Non-oil sector was driven mainly by information and communication (telecommunications), with other drivers being Agriculture (crop production), construction, financial and insurance (financial institutions), and public administration. In real terms, the non-oil sector contributed 91.27 per cent to the GDP in the third quarter of 2020, higher than its share in the third quarter of 2019 (90.23 per cent) and the second quarter of 2020 (91.07 per cent).

‘Recession ‘ll be short-lived’

Meanwhile, a professor of Finance, Uche Uwaleke has given an assurance that the current economic recession will be short-lived. In a reaction to the 3rd quarter GDP report released by the NBS on Saturday, Uwaleke, of the Nasarawa State University, Keffi, said “yes, the economy has officially entered a recession but I see a quick V-shaped recovery as the effect of COVID-19 recedes and the impact of the interventions by the government and CBN begin to manifest including the implementation of the Economic Sustainability Plan.”

According to him, NBS Q3 real GDP number is a confirmation of the fact that in terms of economic contraction occasioned by COVID-19, Q2 2020 represents the worst experience for Nigeria. “Compared to a contraction of 6.10 per cent in Q2 of this year, it is actually an improvement reflective of the ease in lockdowns and movement restrictions, the reduction in the cases of COVID-19 and the gradual return of investors’ confidence in the economy,” he said.

He stated that this improved confidence has also manifested in performing managers index (PMI) readings and stock market performance. He also called for early passage of the 2021 appropriation Bill, which he said will also go a long way in supporting economic recovery.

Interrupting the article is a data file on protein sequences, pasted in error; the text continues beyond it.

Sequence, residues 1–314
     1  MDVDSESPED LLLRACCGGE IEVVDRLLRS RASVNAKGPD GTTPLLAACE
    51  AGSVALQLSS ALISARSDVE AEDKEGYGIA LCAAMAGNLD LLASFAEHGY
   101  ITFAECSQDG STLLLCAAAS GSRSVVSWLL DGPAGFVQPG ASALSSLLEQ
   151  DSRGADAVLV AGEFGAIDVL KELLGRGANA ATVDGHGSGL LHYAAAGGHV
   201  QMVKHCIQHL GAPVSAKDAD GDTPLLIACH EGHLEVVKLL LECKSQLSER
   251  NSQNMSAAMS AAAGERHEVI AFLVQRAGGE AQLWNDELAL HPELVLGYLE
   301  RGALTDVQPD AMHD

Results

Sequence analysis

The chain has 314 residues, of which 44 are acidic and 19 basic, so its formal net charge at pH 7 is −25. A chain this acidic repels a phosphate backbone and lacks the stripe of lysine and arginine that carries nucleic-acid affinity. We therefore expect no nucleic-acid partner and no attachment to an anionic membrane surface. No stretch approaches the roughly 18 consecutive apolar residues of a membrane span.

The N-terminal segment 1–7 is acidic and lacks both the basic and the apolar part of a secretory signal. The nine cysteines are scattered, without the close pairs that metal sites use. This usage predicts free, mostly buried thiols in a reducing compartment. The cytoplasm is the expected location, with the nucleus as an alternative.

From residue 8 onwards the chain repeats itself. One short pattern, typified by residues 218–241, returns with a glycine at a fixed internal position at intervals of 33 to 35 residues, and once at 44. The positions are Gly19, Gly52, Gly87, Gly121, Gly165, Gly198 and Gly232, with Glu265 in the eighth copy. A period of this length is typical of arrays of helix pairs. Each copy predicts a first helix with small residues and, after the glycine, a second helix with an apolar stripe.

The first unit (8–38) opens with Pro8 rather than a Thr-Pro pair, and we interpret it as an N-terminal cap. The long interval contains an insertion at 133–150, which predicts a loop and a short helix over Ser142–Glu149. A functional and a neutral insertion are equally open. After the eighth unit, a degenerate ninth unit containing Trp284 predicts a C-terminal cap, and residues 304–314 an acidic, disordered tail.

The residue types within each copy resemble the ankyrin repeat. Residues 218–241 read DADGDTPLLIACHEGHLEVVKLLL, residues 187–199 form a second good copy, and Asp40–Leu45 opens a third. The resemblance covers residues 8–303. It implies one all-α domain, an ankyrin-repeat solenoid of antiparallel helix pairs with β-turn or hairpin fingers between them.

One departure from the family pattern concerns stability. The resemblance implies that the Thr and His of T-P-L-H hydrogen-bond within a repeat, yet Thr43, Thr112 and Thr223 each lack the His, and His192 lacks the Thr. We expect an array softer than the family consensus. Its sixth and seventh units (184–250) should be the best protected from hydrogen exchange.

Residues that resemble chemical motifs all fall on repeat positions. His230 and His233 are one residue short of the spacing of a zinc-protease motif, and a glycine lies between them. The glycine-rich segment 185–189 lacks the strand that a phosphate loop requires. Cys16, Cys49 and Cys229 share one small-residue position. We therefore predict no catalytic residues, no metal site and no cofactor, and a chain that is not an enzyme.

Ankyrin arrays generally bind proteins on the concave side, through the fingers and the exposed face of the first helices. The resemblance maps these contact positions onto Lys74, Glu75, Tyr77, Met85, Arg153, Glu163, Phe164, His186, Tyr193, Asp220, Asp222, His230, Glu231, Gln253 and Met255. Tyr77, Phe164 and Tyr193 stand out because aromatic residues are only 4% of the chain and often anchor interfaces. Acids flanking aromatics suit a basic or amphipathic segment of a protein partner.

Also, a Senior Advocate of Nigeria (SAN), Dr Olisa Agbakoba, says he is not surprised at the GDP figures because he had recently said it in different forums that Nigeria has entered another recession and cannot even grow up to 3 per cent next year.

According to him, the operational aspect of the ERGP plan ought not be in the hands of the government but the private sector, because the private sector has the expertise to run businesses that will impact the economy.

“When you look at the 2021 budget, you find out that there is no way Nigeria is going to grow at three per cent next year.

“No country comes from minus eight per cent to three per cent, from the negative or minus to a positive of three,’’ he said.

Agbakoba said that Nigeria did not need to have a big budget as its economic resources in the states could determine each state’s capacity and not the money that it has. Acknowledging the challenges facing the Nigerian economy